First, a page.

BEIJING, May 24 (Xinhua) -- Ever since watching his very first Jackie Chan movies 17 years ago, Bakary Coulibaly has become a fan of Chinese movies and TV dramas.
"The only way to get Chinese movies back then was to buy DVDs, which were all old titles rather than new ones or TV series," Coulibaly, a young Malian studying in China, recalled.
In stark contrast, his family back in Africa nowadays can simply turn on the TV and watch a variety of the latest Chinese movies and TV series dubbed and subtitled in French.
In recent years, China's domestic movies and TV series have gone global with diversified themes and higher production standards, appealing to more people from different cultures.
While the popularity of Chinese movies and TV plays reflecting traditional Chinese culture continues to grow, productions based on the life of contemporary Chinese people and their values are also gaining appreciation by audiences worldwide.
A batch of TV dramas are all making inroads into overseas markets: "Nothing But Thirty," a Chinese hit TV drama, revolves around the lives of three vastly different women who take matters into their own hands as they come across different challenges in life in their 30s; "You Are My Glory," a romance TV drama tells the story of a young couple falling in love again after an encounter.
"There used to be a lot of historical and costume dramas that went overseas, but now there are a series of excellent reality-based dramas that are well-received abroad," said Zhang Yiwu, a professor of Chinese literature at Peking University, citing the diversified themes of Chinese TV series nowadays.
Genres such as martial arts, modern life and urban romance dramas are popular among African audiences, said Zhang Jun, director of the Chinese channel from StarTimes, a Chinese media group that has become one of the most influential digital TV operators in Africa.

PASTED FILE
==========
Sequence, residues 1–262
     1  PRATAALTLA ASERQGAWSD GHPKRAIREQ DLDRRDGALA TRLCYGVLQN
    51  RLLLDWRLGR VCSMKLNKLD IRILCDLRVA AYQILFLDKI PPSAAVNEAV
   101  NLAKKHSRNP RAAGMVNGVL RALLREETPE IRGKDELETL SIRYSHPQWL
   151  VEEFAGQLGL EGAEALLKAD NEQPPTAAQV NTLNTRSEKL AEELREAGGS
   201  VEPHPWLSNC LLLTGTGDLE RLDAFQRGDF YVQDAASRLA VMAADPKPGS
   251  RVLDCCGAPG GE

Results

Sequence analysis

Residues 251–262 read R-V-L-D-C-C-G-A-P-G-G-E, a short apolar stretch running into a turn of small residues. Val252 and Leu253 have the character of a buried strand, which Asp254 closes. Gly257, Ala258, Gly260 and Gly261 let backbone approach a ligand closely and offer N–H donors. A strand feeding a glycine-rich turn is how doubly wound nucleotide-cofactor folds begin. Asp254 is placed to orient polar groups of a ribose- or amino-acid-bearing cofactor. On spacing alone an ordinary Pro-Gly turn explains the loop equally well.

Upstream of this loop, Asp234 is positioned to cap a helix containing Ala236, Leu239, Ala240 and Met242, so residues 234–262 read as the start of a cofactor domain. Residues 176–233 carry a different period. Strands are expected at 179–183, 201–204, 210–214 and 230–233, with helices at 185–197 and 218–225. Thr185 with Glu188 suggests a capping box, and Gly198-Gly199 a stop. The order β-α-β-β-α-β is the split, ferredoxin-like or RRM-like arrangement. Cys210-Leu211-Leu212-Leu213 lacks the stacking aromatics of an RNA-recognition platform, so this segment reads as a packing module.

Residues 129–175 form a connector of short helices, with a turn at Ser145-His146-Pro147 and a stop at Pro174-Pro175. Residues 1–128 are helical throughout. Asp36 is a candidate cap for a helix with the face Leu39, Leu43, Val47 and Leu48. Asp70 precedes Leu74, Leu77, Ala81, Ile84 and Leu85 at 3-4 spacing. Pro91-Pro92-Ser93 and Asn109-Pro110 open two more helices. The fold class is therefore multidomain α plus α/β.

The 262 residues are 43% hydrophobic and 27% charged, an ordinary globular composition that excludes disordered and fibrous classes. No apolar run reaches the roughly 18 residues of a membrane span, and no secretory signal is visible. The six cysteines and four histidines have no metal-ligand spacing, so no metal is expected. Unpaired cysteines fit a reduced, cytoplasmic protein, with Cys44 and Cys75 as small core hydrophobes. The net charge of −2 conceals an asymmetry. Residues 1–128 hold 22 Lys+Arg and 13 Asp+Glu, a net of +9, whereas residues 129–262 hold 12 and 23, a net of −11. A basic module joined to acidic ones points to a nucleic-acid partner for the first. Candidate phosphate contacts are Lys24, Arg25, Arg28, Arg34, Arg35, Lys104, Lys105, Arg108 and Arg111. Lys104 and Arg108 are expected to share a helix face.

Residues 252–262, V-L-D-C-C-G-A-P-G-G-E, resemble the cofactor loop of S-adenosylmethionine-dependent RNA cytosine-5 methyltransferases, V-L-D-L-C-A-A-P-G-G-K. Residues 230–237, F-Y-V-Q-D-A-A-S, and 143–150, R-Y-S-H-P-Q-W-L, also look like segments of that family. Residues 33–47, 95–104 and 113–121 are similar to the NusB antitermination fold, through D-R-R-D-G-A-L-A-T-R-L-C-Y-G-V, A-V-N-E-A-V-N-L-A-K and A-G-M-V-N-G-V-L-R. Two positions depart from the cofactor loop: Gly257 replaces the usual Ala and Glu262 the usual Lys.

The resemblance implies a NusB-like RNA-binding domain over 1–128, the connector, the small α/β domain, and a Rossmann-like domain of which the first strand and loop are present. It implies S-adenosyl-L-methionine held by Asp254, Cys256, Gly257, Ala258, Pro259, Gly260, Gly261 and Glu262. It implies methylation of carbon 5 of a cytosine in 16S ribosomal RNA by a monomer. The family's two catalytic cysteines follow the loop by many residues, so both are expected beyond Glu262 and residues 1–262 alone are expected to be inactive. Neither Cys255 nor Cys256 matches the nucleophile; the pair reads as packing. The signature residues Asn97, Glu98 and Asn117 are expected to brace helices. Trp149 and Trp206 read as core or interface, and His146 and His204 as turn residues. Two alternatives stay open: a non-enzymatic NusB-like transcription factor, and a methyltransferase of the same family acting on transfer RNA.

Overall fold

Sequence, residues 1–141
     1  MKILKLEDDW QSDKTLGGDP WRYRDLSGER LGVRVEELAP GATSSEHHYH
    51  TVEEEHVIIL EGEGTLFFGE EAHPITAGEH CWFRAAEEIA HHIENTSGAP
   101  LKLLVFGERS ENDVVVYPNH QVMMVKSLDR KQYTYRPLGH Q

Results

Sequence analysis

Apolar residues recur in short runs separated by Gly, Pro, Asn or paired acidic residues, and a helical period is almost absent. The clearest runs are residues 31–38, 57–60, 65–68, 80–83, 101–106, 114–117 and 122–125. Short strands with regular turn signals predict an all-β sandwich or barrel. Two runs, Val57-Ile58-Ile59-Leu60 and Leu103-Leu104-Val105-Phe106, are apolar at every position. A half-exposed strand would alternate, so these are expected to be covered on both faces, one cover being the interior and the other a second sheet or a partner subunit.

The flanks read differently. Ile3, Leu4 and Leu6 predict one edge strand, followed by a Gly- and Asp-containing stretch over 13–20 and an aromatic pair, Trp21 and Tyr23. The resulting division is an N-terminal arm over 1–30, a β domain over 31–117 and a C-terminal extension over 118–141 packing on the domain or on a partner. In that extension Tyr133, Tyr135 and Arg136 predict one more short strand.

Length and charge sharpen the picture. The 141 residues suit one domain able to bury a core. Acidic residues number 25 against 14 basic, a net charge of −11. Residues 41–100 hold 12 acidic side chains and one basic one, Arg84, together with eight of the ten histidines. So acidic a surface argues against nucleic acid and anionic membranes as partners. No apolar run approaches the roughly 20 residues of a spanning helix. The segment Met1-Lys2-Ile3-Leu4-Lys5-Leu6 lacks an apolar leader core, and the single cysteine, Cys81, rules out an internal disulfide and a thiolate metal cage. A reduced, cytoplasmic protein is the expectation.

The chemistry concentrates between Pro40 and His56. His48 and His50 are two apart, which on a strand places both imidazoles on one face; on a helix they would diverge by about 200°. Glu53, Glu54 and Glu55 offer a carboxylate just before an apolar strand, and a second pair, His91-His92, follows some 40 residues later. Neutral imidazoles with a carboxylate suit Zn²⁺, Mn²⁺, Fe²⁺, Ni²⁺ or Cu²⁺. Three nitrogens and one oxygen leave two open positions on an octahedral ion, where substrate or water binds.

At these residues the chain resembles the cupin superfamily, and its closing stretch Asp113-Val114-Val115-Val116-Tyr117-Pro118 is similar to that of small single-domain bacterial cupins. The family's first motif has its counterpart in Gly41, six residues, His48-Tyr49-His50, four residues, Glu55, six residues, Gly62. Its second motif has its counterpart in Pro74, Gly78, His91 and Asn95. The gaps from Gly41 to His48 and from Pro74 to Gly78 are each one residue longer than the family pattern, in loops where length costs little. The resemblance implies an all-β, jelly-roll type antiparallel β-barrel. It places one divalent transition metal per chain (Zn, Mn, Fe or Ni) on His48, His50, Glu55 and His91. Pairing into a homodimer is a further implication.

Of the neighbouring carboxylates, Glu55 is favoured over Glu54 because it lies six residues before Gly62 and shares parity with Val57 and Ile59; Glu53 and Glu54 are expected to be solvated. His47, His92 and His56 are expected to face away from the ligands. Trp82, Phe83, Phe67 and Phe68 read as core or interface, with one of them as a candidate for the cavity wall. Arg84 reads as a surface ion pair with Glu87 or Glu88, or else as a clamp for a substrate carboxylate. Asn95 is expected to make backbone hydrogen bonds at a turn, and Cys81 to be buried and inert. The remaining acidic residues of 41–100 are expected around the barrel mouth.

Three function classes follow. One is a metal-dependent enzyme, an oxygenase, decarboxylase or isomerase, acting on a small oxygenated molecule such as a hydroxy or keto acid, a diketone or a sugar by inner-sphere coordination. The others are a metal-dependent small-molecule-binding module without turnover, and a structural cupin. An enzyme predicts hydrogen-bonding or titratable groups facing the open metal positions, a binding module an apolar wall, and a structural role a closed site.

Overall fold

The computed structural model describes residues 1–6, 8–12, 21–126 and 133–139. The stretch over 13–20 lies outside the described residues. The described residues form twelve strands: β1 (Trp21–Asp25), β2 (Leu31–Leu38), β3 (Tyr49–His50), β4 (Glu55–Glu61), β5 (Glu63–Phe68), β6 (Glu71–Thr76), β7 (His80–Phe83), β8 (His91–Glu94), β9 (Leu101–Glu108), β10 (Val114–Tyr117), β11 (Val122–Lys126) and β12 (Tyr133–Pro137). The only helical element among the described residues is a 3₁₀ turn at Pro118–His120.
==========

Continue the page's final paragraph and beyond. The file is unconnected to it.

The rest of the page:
Domestic sci-fi movie "The Wandering Earth," a critically-acclaimed box office hit in China, stunned overseas audiences with its world-class production standard.
Moreover, overseas audiences, especially those in developing countries, are also showing interest in TV dramas about poverty alleviation in China's rural areas.
Ways of cooperation have also been expanded. "Deer Squad," a children's animation presented by iQIYI in cooperation with Nickelodeon, was aired on Nickelodeon International in August 2020. Foreign movie and TV studios also choose to buy remake rights for some popular domestic dramas, in addition to pre-purchasing exclusive overseas distribution rights.
At the same time, Chinese companies have been exploring new channels for movies and TV series to reach global audiences through the internet.
For instance, StarTimes has established subsidiaries in more than 30 African countries, including Rwanda, Nigeria, and Kenya, and has begun digital TV and online streaming operation in most of them. And in July 2020, iQIYI designated its Beijing office and the Singapore office as the duo-headquarters for iQIYI's global operations.
"The increasing number of Chinese movies and TV series going overseas reflects the improvement of China's overall national strength, cultural soft power and cultural influence," said Rao Shuguang, president of the China Film Critics Association.
"Audiences not only see kung fu but also a modern China and its development," said Coulibaly.